Kristen Luft and Nick Winkworth

Nick Winkworth
The Great Affair
Inspiration piece

The Cost: A History
By Kristen Luft


On a road narrowed by tall buildings closely set together, Van Liebling navigated his way through the dense feeling of entrapment growing in his chest. When the buildings gave way to paved lots inset with weedy fault-lines, the tension in his shoulders tightened rather than lessened at the entrance into open space. He parked at an angle to the docks near a gasoline station which served both land and water vehicles. His father would likely arrive at any moment with the fishing tackle and bait, a can of worms indistinguishable from the trusty sidekick can of beer sure to be held snug in his right hand. Van stowed the aerosol can, which was sitting beside him, in the trunk. Any memories of his time at home were to be kept at a minimum, and he should be gone before the day’s end without exchanging more than a few words with his father. He leaned against the galvanized aluminum railing at intervals between his pacing.

The steady tattoo of his Timberlands, the raucous merchants who lined the streets, the unremitting flow of chattering graduates through the square—all the noises of a city coalescing dropped off in a flash. A streak of light cut the sky with a force so great that sound was blotted out in an instant. Near the gasoline pump at the quays, the aerosol can of red spray paint exploded within his car, the shattering of red-spattered glass from the rear window preternatural in its soundlessness. Just outside the arc of the can’s explosion, Van Liebling stopped mid-step and lifted his eyes to gaze with wonder at the light, his awe equivalent to that he would have felt had the sun itself dropped to earth. Frozen, he watched the light disappear behind the silhouette of the mainland’s skyline—just before the skyline was obliterated and Van Liebling was rushed back into a world of sound with a cry as the lash of an unseen force tore across the island.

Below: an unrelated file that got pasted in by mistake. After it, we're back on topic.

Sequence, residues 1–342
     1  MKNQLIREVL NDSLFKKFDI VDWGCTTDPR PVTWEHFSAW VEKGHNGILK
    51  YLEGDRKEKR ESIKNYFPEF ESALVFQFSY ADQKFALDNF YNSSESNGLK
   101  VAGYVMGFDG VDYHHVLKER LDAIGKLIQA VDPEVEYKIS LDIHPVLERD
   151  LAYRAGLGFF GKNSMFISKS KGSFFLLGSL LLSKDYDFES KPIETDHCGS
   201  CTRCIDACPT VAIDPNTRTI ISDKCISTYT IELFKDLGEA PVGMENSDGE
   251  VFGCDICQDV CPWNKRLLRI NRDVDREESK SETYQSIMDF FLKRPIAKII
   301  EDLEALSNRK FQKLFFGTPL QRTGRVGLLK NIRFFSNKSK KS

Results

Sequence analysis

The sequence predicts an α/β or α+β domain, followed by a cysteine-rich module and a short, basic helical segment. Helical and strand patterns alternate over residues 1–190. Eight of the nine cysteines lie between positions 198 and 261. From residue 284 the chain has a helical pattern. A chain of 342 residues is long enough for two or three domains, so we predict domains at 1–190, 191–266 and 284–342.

Sometime later, Van awoke to the darkness of a moonless, brown sky. He climbed out of the rubble, which were the remains of the gas station, and tried to rid himself of the ubiquitous dust. When batting at himself did not work, he went down to the beach and washed himself in the bay, despite the glowing, iridescent bubbles rising in the water. Their alien origins frightened him. As he bathed the coat of dust off himself after splashing his face, he surveyed the leveled city. The unfamiliarity of the place he had called home his whole life brought him to his knees, and right there on the beach sleep found him hours later.

When he awoke, the sky was still the same dark brown, as if time were waiting for something. Van looked at his digital watch, but it was dead. He raised himself up, and remembered his plans to meet with his father at the waterfront. His unwillingness to be in the presence of his drunkard of a father was only less in degree to his unwillingness to admit to anyone, especially to the man himself, how deep his indifference toward his father ran. At times, Van considered with uneasiness that he might actually loathe him, but even in his thoughts he only glanced off the truth of the matter. Van knew only that he now needed to be fortified by the annual arrival of the man into his life, a human presence in a world that had become estranged and hostile to him.

He dashed to his feet in spite of the pain and sense of loss that had remained lodged in the marrow of his being since the destruction. He clambered back onto the torn pavement and forged a path through the remants of the city in search of human contact, leaving behind his car in a ruin of obsolete memories.

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